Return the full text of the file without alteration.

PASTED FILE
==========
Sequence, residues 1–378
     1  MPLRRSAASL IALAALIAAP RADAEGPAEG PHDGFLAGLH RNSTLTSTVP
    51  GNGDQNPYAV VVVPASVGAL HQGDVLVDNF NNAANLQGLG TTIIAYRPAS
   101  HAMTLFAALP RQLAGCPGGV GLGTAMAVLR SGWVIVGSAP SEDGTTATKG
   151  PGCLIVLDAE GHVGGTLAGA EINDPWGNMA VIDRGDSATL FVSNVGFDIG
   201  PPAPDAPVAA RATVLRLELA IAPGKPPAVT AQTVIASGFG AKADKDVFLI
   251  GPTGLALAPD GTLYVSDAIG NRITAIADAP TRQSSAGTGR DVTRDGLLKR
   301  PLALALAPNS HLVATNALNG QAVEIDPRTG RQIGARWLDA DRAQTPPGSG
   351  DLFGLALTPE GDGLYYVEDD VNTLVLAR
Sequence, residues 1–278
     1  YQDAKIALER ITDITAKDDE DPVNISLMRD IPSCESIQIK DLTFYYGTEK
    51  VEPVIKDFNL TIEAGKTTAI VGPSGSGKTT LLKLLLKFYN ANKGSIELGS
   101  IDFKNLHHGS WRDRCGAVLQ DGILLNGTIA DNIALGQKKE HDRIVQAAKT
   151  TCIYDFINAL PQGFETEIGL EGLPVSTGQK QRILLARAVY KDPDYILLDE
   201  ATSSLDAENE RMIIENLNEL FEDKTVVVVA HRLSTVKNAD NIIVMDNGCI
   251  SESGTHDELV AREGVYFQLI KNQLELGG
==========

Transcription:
Sequence, residues 1–378
     1  MPLRRSAASL IALAALIAAP RADAEGPAEG PHDGFLAGLH RNSTLTSTVP
    51  GNGDQNPYAV VVVPASVGAL HQGDVLVDNF NNAANLQGLG TTIIAYRPAS
   101  HAMTLFAALP RQLAGCPGGV GLGTAMAVLR SGWVIVGSAP SEDGTTATKG
   151  PGCLIVLDAE GHVGGTLAGA EINDPWGNMA VIDRGDSATL FVSNVGFDIG
   201  PPAPDAPVAA RATVLRLELA IAPGKPPAVT AQTVIASGFG AKADKDVFLI
   251  GPTGLALAPD GTLYVSDAIG NRITAIADAP TRQSSAGTGR DVTRDGLLKR
   301  PLALALAPNS HLVATNALNG QAVEIDPRTG RQIGARWLDA DRAQTPPGSG
   351  DLFGLALTPE GDGLYYVEDD VNTLVLAR
Sequence, residues 1–278
     1  YQDAKIALER ITDITAKDDE DPVNISLMRD IPSCESIQIK DLTFYYGTEK
    51  VEPVIKDFNL TIEAGKTTAI VGPSGSGKTT LLKLLLKFYN ANKGSIELGS
   101  IDFKNLHHGS WRDRCGAVLQ DGILLNGTIA DNIALGQKKE HDRIVQAAKT
   151  TCIYDFINAL PQGFETEIGL EGLPVSTGQK QRILLARAVY KDPDYILLDE
   201  ATSSLDAENE RMIIENLNEL FEDKTVVVVA HRLSTVKNAD NIIVMDNGCI
   251  SESGTHDELV AREGVYFQLI KNQLELGG